While I was in New York, not long time after the two towers had collapsed, my host explained me her financial model and how she financed her life. She was a widow of 3 men and near her 60ties. She was a nice lady, no doubt about that, a frequent of visitor of Harvard Club and charming. She lived in a condo on the East Side close to the Guggenheim and not too far away from Jefferson Park, which I loved since a watched Spike Lee’s “The 25th hour”. She had no money at all.
She had no frequent income, did not inherit anything worthwile mentioning on a balance sheet, she in fact also had a low education. Entrance to Harvard Club was something she inherited from her huspend who died 10 years ago. But she had a loan which financed the condo. You may wonder, how she got the appartment, these days you do not wonder how she got the loan for it. And that loan, it was not paid back by money she had. She used the assessed value of the appartment to frequently get credit from the credit card companies, who basically financed her life based on a real estate bet. And therefore, they financed the appartment too, which was the only reason why they were able to give her higher credit every month.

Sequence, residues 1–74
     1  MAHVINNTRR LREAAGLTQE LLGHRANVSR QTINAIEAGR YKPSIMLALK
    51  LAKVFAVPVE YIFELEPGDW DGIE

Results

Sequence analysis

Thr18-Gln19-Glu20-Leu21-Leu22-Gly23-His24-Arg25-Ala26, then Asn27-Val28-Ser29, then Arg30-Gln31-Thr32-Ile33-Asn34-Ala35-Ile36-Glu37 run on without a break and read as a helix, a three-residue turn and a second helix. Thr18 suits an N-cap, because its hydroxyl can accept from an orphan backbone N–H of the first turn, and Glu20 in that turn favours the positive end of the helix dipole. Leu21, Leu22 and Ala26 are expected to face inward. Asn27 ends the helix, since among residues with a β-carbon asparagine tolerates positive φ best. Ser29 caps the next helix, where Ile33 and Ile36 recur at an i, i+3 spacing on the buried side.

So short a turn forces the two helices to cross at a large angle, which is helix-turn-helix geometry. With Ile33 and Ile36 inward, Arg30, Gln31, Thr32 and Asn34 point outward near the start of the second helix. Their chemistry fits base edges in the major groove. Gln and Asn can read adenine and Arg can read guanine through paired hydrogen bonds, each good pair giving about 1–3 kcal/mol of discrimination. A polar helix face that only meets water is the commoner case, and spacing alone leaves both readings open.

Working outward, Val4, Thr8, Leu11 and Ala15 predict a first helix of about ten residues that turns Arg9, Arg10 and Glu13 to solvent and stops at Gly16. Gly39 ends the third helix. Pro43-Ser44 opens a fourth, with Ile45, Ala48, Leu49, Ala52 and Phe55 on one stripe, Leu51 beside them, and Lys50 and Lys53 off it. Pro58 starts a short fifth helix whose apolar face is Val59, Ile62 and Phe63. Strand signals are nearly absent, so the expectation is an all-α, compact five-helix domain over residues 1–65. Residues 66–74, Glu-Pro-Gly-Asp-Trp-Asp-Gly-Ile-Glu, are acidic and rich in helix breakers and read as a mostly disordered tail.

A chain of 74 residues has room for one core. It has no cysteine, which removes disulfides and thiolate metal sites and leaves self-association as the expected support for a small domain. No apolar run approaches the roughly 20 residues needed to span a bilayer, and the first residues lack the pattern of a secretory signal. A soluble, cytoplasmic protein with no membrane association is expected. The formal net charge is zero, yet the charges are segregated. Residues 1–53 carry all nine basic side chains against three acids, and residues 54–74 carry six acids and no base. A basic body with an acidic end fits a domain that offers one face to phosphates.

She did not think that anything was really wrong with that except she knew it was quite a odd and also risky way to live. Upps and downs, she said, that’s the American way. Up then meant really up to the top of the world as down meant so low down you can get living under a bridge. She also thought it was funny, since she wondered why she went to work as a secretary in her young years. Actually she didn’t care too much about that all, it was not her thought of the day at all. Nowadays I realize that it may not have been just her own, single crazy idea that she only shared with herselves, but a lifestyle shared with too many. I really wonder where she lives now and for how long the credit card companies can buffer this crazyness.